German Attributive Clauses
Attributivsätze im Deutschen – Erklärungen und Beispiele
German Attributive Clauses – Summary
Attributive clauses express attribute of a noun, so they are attached to it. Normally, they are introduced by a relative pronoun, that’s why so are also called “Relativsätze“, relative clauses. Here are some examples:
- “Das ist der Hund, der mich gebissen hat.” (Which dog?)
- “Kaufst du den Hund, der dir so gefällt?” (Which dog?)
- “Hilf bitte der Frau, die Straße zu überqueren!” (Which woman?)
- “Wir gedenken der Opfer, die gefallen sind.” (Which victim?)
Have you ever heard of German attributive clauses? Well, in case you didn’t, language-easy.org will try to clear this part of German grammar up for you. So, don’t worry if you have never heard of this type of German subordinate clause – Probably, you know relative clauses, which build an important part of this group within German subordinate clauses.
So, in the following, we will have a look at what German attributive clauses are. Additionally, we will try to describe in some detail the other types of subordinate clauses that form a part of this group.
What are German Attributive Clauses?
Was sind Attributivsätzeim Deutschen?
First of all, we will define what the group of German attributive clauses actually is. So, you will see that they are quite similar to attributive clauses in the English language. Nevertheless, there are huge, important difference you have to consider.
German attributive clauses are subordinate sentences which have the function of a a attribute, which means that they depend on a noun.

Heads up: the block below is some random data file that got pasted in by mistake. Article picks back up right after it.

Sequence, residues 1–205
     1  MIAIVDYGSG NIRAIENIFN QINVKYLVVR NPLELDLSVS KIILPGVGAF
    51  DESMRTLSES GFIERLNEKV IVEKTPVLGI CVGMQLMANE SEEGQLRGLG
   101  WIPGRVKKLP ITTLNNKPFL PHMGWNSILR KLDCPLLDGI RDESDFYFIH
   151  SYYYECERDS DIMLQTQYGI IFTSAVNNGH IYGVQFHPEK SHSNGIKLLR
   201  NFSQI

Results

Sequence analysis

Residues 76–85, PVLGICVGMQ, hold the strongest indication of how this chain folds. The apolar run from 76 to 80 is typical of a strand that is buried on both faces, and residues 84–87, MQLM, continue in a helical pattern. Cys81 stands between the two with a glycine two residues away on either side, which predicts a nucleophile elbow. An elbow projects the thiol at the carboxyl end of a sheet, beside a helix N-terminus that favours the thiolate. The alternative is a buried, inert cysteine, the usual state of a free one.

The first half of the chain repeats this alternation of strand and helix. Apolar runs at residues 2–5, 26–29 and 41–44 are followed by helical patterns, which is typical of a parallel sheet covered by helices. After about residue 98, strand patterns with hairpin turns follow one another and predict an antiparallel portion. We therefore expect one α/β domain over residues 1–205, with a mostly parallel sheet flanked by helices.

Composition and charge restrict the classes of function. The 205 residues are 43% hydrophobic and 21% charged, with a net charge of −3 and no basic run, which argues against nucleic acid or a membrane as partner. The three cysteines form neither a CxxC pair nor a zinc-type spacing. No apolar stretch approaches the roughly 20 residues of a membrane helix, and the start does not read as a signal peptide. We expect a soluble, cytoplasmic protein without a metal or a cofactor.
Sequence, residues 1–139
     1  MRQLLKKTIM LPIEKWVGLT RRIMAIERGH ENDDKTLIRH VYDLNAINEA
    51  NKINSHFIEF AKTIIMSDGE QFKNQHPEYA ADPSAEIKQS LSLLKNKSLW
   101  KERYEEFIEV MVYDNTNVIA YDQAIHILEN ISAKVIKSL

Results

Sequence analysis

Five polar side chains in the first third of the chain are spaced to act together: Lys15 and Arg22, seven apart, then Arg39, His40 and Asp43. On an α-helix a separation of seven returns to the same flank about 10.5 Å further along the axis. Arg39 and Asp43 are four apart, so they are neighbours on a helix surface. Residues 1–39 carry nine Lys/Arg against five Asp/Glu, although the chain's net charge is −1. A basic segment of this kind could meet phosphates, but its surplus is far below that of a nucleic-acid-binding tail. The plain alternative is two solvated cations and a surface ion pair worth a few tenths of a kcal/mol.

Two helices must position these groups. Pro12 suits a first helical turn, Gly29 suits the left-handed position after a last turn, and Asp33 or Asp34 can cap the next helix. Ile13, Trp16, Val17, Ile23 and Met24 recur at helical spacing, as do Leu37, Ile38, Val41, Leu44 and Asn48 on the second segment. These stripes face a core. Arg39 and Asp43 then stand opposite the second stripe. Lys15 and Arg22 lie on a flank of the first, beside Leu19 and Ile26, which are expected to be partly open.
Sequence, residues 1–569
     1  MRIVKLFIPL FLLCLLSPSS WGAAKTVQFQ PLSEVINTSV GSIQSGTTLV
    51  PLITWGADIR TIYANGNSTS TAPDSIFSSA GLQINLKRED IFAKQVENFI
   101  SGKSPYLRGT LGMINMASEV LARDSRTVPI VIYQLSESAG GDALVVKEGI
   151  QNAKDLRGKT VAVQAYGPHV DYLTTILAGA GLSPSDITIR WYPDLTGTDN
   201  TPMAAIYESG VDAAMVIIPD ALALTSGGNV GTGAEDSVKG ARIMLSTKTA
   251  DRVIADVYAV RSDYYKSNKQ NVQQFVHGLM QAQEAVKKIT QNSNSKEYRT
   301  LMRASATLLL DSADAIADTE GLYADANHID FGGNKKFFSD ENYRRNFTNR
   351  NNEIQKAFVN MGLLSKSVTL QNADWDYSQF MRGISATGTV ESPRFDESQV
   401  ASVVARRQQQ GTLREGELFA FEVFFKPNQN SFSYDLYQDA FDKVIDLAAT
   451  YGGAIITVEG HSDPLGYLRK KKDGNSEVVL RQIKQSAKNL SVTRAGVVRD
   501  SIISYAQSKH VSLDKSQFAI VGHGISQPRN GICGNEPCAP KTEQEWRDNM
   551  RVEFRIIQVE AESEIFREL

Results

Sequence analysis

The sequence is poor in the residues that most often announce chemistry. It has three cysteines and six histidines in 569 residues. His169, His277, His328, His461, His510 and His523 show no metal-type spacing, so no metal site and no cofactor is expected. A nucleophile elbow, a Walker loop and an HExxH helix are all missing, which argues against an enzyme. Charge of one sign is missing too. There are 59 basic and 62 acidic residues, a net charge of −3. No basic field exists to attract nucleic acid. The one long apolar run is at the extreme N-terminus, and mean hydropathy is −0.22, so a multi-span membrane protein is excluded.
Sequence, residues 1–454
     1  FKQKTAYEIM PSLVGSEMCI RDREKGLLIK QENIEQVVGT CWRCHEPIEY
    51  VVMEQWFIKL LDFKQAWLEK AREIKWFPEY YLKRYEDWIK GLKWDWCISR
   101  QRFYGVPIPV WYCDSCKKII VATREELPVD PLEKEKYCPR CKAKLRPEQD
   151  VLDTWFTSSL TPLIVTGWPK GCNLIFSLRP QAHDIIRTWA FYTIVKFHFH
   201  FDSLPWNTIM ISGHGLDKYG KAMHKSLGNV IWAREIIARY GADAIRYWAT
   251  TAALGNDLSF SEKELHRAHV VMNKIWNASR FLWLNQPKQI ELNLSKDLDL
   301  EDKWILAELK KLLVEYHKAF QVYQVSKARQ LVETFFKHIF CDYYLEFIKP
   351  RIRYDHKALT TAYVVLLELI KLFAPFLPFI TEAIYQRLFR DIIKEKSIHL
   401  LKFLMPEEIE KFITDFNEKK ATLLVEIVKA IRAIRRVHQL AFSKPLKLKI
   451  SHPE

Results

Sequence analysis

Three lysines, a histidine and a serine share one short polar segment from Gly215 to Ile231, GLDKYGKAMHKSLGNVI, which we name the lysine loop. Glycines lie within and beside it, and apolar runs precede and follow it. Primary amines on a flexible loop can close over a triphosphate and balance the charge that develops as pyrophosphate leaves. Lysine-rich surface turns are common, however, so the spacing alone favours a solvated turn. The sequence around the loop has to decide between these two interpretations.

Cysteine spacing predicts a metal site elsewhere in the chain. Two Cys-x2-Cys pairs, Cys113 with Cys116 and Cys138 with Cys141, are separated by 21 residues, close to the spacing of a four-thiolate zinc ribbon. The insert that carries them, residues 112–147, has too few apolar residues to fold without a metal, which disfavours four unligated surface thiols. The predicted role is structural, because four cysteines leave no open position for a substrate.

Well, it’s quite important to know that this group of subordinate clauses consists of three types of clauses: Relative clauses, conjunctional clauses and a rather special type called “Verbzweit-Attributsätze”. In the following, we will have a closer look at each one of them.
1. Relative Clauses
So, German relative clauses allow us to provide additional information about a noun without starting a new sentence. We can also use them to combine two main clauses. Relative clauses are always introduced by pronouns, usually, “der, die, das” for people and things and not “wer/wen (who/whom)” as in English relative clauses. In German grammar, relative clauses are always set off by commas. So, here are some examples that illustrate this description.
- “Philip hat einen Hund, was mir sehr gefällt.” – Philip has a dog, which I like very much.
- “Philip wartet dort, wo der Bus steht.” – Philip waits there, where the bus is.
- “Peter weiß nicht, wofür er hier ist.” – Peter doesn’t know for what he is here.
- “Ich weiß nicht, worüber der Film handelt.” – I don’t know what this movie is about.
2. Conjunctional Clauses
As a second type of German attributive clause, we will describe German conjunctional clauses. So, A conjunctional clause is a dependent sentence that is always initiated by a conjunction. After that the subject and object of the sentence follow. Of course, in German, the conjugated form of the verb here always stands at the very end of the sentence. Simply keep in mind the following formula:
Conjunction + Subject + Object + conjugated Verb
So, in the following I’d like to illustrate the correct use and construction of German conjunctional clauses by some examples phrases.
- “Sobald ich genaueres weiß, sage ich dir bescheid.” – As soon as I know more, I will let you know.
- “Philip isst gerne bolivianisch, wohingegen Julian lieber italienisch isst.“ – Philip likes to eat Bolivian food, whereas Julian prefers Italian food.
- “Obwohl er viel gelernt hat, hat der die Prüfung nicht bestanden.” – Despite having learned a lot, he didn’t pass the exam.
So, this rather rare type of German attributive clause is characterized by the position of the verb in the subordinate. Well, as it’s names says, the verb is in the second position. Furthermore, it’s second name “uneingeleitete Nebensätze” (not introduced subordinate clauses) indicates, that no introducing conjunction is used. Well, here is an example:
- “Die Behauptung, alle Attributsätze hätten Verb-Endstellung, ist nicht richtig.”
Finally, we have reached the last part of this article where you can prove the German skills you have just learned. In the following you will see some phrases that you should complete with the correct terms. Once you have filled all the gaps, just click on the “correct” button and you can see your errors and the correct results. Good luck and… auf Wiedersehen!